In late Second Temple times, a person would take an oath by verbally invoking the Torah. Over time, with the emergence of the Torah as a sacred object for Jews and Christians alike, Torah scrolls began to be used in court-administered oaths.
Dr. Moshe Blidstein Continue reading Taking an Oath While Holding a Torah Scroll
To illustrate the body and soul’s responsibility for sin, an early midrash presents the parable of the blind and lame watchmen. Curiously, this parable later shows up in Piyyut and in a Christian text. What might this teach us about the spread of rabbinic texts and ideas in late antiquity?
Prof. Ophir Münz-Manor Continue reading Body or Soul: Which is Responsible for Committing Sins?
M. Sanhedrin 10:1 is considered to be the most important statement of rabbinic heresiology in tannaitic literature. However, a close examination of this text’s development suggests that it is not a straightforward expression of c. 200 C.E. rabbinic doctrine at all, but a reworked tradition from an earlier sectarian milieu.
Dr. David M. Grossberg Continue reading Is there a Doctrine of Heresy in Rabbinic Literature?
Talmudic manuscripts reveal the existence of a forgotten, fifth cup of wine at the Passover Seder.
Dr. Menachem Katz Continue reading Five Cups of Wine at the Seder?
The accumulation of liturgical layers, songs, and discussion that adorn the traditional Seder can obscure its original, primary purpose. By closely analyzing the Seder’s artful oration in light of classical rhetoric, a sharper picture emerges of a Roman symposium-like gathering whose aim is to help its members appreciate and celebrate the freedom God granted through the Exodus.
Dr. Rabbi Richard Hidary
Continue reading How Is the Passover Seder Different from All Other Symposia?
Tracing the meaning and motifs of Rosh Hodesh (the new moon festival) from the biblical through the talmudic periods reveals a day of two different meanings.
Prof. Michael L. Satlow Continue reading What Does Rosh Hodesh Celebrate?
The relative absence of Chanukah from rabbinic literature has been seen by many scholars as evidence that late antique Jews were ambivalent about the holiday and its Hasmonean founders. However, the highly suggestive evidence of piyyut (liturgical poetry), which extensively and creatively thematizes Chanukah and the Hasmoneans, suggests that this apparent ambivalence was not shared across late antique Jewish society.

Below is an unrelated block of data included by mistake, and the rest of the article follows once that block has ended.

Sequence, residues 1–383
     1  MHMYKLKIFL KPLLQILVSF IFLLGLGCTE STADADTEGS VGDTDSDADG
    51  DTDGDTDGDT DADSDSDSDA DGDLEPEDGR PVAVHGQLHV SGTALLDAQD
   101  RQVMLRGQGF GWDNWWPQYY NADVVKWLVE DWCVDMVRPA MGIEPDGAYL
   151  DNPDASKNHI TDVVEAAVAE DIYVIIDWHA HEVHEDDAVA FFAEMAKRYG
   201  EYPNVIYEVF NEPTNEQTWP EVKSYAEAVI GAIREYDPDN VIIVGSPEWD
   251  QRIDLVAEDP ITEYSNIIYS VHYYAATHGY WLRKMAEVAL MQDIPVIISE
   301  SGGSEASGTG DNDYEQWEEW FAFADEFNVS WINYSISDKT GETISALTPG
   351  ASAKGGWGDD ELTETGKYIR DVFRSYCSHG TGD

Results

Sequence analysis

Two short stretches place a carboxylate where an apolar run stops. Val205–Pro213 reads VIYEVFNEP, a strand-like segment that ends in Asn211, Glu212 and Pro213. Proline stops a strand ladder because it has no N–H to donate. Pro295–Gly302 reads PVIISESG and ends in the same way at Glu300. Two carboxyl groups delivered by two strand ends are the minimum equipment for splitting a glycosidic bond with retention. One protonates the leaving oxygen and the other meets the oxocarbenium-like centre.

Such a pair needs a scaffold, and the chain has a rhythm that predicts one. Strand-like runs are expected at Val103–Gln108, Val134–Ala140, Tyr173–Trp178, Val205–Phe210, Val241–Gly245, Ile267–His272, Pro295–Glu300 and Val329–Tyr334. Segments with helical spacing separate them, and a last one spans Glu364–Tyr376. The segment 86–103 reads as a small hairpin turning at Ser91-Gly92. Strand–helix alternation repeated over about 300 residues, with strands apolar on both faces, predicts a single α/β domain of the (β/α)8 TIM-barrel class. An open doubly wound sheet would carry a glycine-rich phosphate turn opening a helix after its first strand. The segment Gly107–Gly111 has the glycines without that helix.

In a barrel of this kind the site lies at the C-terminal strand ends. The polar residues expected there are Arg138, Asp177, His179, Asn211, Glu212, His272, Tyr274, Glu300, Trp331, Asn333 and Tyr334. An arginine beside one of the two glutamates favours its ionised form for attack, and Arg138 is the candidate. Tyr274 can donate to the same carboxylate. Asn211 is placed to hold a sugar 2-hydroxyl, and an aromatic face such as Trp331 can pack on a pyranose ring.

Prof. Ophir Münz-Manor Continue reading In Praise of the Hasmoneans: Chanukah Beyond Rabbinic Literature
A talmudic discussion about why God no longer makes miracles ends with a surprising comedy of errors. What message is the Talmud trying to convey? And how is this story used in a 20th century halakhic responsum about women’s pants? Continue reading From Theology to Comedy: The Story of R. Adda bar Ahavah and Matun
“Tzedakah” in the sense of communal charity, civic benefaction, and an individual form of giving came into being during the tannaitic period, with the help of the Greeks and a little-known king named Munbaz.
Prof. Gregg E. Gardner Continue reading How Tzedakah Became Charity
In their discussion of King Herod’s reconstruction of the Second Temple, Talmudic storytellers emphasize themes of sight, blindness, and illegitimate rule. They also make a surprising suggestion about who really should get credit for this renovation.
Prof. Jeffrey L. Rubenstein Continue reading Herod’s Renovation of the Temple – The Talmudic Version
A short history of how the Mah Nishtana changed: From three to four to five questions
Prof. Joseph Tabory Continue reading How Many Questions in the “Four Questions”?
A striking talmudic passage asserts that it is biblically permitted to eat the ḥametz of a non-Jew on Passover. How are we to explain this strange claim? What might this development teach us about the dynamics of rabbinic texts? Continue reading Hametz Owned by a Non-Jew May be Eaten on Passover?!
The Bavli’s editors noted the conclusion of some tractates with an edifying message. For tractates Bava Metzia and Avodah Zarah, they placed stories about Sasanian king Shapur I. In this way, they connected their rabbinic milieu to the Sasanian world in which they operated, and imagined Sasanian authority and approval of rabbinic law.
Dr. Jason Mokhtarian Continue reading Concluding a Tractate with King Shapur’s Praise and Practice of Rabbinic Law
A New Approach to the Story of Abaye, Rava and the Dream Interpreter Bar Hedya (b. Berakhot 55b-56a). Continue reading “All Dreams Follow the Interpretation” – Even for the Rabbis!